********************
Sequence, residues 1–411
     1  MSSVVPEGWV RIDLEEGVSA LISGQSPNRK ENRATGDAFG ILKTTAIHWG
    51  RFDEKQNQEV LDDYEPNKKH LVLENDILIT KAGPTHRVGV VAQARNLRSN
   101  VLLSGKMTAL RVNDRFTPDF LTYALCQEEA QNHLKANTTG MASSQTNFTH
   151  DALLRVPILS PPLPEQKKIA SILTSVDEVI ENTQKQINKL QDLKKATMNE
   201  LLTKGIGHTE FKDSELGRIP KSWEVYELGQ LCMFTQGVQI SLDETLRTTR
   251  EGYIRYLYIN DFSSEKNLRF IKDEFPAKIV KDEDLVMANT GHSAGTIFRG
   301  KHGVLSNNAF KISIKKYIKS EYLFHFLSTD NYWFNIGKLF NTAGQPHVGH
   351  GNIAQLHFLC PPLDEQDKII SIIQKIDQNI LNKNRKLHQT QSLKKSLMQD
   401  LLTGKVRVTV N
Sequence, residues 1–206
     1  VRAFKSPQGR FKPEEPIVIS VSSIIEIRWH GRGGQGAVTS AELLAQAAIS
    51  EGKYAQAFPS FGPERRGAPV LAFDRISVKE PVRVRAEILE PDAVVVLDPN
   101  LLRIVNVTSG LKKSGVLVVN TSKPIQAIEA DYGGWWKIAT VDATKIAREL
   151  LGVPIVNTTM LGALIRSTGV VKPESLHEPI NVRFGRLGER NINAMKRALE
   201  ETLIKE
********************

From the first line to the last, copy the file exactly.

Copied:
Sequence, residues 1–411
     1  MSSVVPEGWV RIDLEEGVSA LISGQSPNRK ENRATGDAFG ILKTTAIHWG
    51  RFDEKQNQEV LDDYEPNKKH LVLENDILIT KAGPTHRVGV VAQARNLRSN
   101  VLLSGKMTAL RVNDRFTPDF LTYALCQEEA QNHLKANTTG MASSQTNFTH
   151  DALLRVPILS PPLPEQKKIA SILTSVDEVI ENTQKQINKL QDLKKATMNE
   201  LLTKGIGHTE FKDSELGRIP KSWEVYELGQ LCMFTQGVQI SLDETLRTTR
   251  EGYIRYLYIN DFSSEKNLRF IKDEFPAKIV KDEDLVMANT GHSAGTIFRG
   301  KHGVLSNNAF KISIKKYIKS EYLFHFLSTD NYWFNIGKLF NTAGQPHVGH
   351  GNIAQLHFLC PPLDEQDKII SIIQKIDQNI LNKNRKLHQT QSLKKSLMQD
   401  LLTGKVRVTV N
Sequence, residues 1–206
     1  VRAFKSPQGR FKPEEPIVIS VSSIIEIRWH GRGGQGAVTS AELLAQAAIS
    51  EGKYAQAFPS FGPERRGAPV LAFDRISVKE PVRVRAEILE PDAVVVLDPN
   101  LLRIVNVTSG LKKSGVLVVN TSKPIQAIEA DYGGWWKIAT VDATKIAREL
   151  LGVPIVNTTM LGALIRSTGV VKPESLHEPI NVRFGRLGER NINAMKRALE
   201  ETLIKE